A pair of cave divers said Monday they have found subterranean passages in Mexico’s Yucatan peninsula that constitute the world’s longest underwater cave system.
British cave diver Steve Bogaerts said he and Robbie Schmittner, of Germany, found flooded underground passages connecting two previously known cave systems — a discovery that shows how interconnected and vulnerable the Yucatan’s fabled underground water system is.
Gene Melton, chairman of the U.S.-based National Speleological Society, a nongovernmental association that tracks cave explorations, confirmed the discovery.
For thousands of years, Mayan Indians depended on water found in the caves and in lakes formed by sinkholes — areas where the caves’ ceilings collapsed, opening them to the surface. The lakes dot the Yucatan peninsula, now one of the world’s fastest-growing sites for tourism and resort developments.
Bogaerts said his dives proved a connection between the Nohoch Nah Chich caves and the Sac Actun system, which together measure 95 miles in length. That connection shows that many of the seemingly isolated watering holes are part of a single larger system, he said.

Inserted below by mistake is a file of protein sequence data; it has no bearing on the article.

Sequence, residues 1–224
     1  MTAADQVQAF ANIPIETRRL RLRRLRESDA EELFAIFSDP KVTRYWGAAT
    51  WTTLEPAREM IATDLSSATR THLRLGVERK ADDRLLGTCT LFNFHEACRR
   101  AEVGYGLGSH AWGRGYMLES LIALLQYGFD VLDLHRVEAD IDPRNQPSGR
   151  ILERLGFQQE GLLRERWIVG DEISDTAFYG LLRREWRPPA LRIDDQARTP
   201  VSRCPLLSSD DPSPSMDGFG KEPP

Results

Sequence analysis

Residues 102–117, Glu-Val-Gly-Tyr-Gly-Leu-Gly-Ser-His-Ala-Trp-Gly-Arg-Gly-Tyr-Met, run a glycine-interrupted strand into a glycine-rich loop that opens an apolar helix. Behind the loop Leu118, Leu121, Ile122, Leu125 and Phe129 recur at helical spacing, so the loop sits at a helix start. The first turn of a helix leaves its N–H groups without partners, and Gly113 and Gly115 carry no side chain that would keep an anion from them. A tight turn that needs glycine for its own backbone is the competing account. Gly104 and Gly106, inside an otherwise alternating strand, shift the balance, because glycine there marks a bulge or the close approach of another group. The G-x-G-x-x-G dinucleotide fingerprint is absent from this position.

The longest previously known submerged cave system is the 91-mile Ox Bel Ha system, located in the same general area, according to documents posted by the Speleological Society on its Web site.
“That’s the important thing for people to understand. ... The point is that they’re so interconnected,” Bogaerts said. “There are so many cave systems that if there’s a point of pollution in any one particular area it can spread very extensively throughout the entire system.”
Bogaerts and Schmittner spent four years swimming the length of the system, making about 500 dives with scuba tanks, linking one sinkhole lake to the next. Some passages were “big enough for a jumbo jet,” while others were so narrow divers had to remove their tanks to wiggle through.
The breakthrough discovery — the passage connecting Nohoch Nah Chich (“The Giant Birdcage” in Maya) and Sac Actun (“White Cave”) — was made by the two divers on Jan. 23.
Jonathan Martin, an assistant professor of geology at the University of Florida, said the discovery — which has not yet been published in scientific journals — appeared feasible, based on the geological formations of the Yucatan.